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Fires burning up eastern Australia in summer heatwave
Despite earlier cooler weather, heatwave conditions are expected to resume in New South Wales, Australia. Local weather service forecasts expect temperatures to rise above 40°C (104°F), as-experienced earlier in the week.
The percentage of uncontained fires jumped as high as 20%. On Friday, local fire authorities have declared total fire bans across Victoria, New South Wales and the Australian Capital Territory. Fire crews at the east coast of Australia are readying to battle an increased rate of bushfires during the weekend.
Uncontrolled fires have also been burning across the states of Tasmania, Victoria, and Queensland.
Extremely hot weather and strong winds played havoc with the fires early in the week. A minor change in the weather assisted crews on Thursday but the high temperatures are set to return on Friday and through the weekend.
Thirty devastating fires in Tasmania are now being controlled after burning 130 properties and 110,000 hectares of land throughout the past week.
In Victoria there are two significant fires being fought with several others now under control but concerns remain for the weekend with the temperature forecast to rise to 42°C in the north of the state.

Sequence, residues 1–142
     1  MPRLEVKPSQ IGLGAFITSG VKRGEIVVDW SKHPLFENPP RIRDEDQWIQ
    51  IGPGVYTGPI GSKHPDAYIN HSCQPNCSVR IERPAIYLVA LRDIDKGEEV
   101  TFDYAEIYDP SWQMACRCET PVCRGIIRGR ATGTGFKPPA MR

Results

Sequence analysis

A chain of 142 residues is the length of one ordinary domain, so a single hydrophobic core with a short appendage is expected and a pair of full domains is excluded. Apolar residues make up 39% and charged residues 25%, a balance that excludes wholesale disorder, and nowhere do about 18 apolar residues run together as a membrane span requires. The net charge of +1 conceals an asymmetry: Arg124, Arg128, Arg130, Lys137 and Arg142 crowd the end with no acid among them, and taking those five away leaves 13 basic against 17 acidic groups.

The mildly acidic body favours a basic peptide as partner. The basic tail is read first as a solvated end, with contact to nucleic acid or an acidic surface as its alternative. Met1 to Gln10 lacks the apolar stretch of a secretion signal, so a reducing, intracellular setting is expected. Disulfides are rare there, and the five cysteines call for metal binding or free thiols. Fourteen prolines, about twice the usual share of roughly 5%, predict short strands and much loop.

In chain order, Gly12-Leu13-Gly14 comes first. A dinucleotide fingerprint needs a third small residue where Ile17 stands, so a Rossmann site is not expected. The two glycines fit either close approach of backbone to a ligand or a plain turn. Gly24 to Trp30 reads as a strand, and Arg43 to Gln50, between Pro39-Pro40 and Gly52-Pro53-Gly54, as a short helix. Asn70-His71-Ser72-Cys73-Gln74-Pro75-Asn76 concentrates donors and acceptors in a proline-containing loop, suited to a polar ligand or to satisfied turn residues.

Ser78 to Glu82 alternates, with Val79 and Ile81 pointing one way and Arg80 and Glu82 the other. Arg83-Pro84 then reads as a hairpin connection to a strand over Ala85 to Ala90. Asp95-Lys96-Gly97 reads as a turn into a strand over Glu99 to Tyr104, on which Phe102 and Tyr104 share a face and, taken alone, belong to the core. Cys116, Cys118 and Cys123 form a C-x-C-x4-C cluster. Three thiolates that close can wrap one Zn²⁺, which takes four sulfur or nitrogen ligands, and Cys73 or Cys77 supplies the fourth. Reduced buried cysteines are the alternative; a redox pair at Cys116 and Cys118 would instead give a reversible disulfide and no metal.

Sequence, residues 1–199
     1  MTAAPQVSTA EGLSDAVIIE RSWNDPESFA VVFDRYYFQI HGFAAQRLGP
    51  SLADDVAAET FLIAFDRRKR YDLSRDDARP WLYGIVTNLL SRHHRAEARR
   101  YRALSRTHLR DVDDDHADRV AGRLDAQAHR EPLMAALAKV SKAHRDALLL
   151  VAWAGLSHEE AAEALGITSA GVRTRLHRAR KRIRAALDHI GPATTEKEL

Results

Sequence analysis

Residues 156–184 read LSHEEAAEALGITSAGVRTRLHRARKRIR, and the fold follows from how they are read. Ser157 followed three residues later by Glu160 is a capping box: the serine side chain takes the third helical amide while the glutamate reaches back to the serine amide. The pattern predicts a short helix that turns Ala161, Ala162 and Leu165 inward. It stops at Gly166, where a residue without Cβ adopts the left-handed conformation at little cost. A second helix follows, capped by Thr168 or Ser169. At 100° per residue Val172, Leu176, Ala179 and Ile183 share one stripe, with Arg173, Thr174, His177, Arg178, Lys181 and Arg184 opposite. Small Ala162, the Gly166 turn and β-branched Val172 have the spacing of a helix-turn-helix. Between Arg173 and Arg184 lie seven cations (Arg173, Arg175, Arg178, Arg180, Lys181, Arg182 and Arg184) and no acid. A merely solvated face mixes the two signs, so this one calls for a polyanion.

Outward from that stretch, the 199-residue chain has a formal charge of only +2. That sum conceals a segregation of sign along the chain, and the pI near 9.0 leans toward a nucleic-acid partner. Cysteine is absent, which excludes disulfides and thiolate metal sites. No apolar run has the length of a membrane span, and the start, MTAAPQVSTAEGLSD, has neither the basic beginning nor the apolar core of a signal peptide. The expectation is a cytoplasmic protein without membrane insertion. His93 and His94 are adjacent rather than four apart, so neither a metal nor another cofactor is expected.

Queensland firefighters continued to battle fires north of of the capital Brisbane on Bribie Island, with at least 22 fires still burning throughout the state.
New South Wales has 120 fires burning as of Friday with 370,000 hectares of land, 10,000 livestock and one property already destroyed.
"They are very large, all either in excess or very close to 10,000 hectares (and) in some cases 100 kilometres of fireline. That's an awful lot of fireline for firefighters to monitor and obviously that's going to be troubling over today and particularly tomorrow when it will be even hotter," commented Deputy Commissioner of the New South Wales Rural Fire Service, Rob Rogers briefed reporters on the bushfires at the Rural Fire Service Headquarters on Friday.
One fire at Dean's Gap in New South Wales had authorities concerned due to its proximity to an old military range that contains unexploded ordinances at Tianjara plateau. Firefighters have used earth moving equipment to create containment lines and specialised gel to protect the range.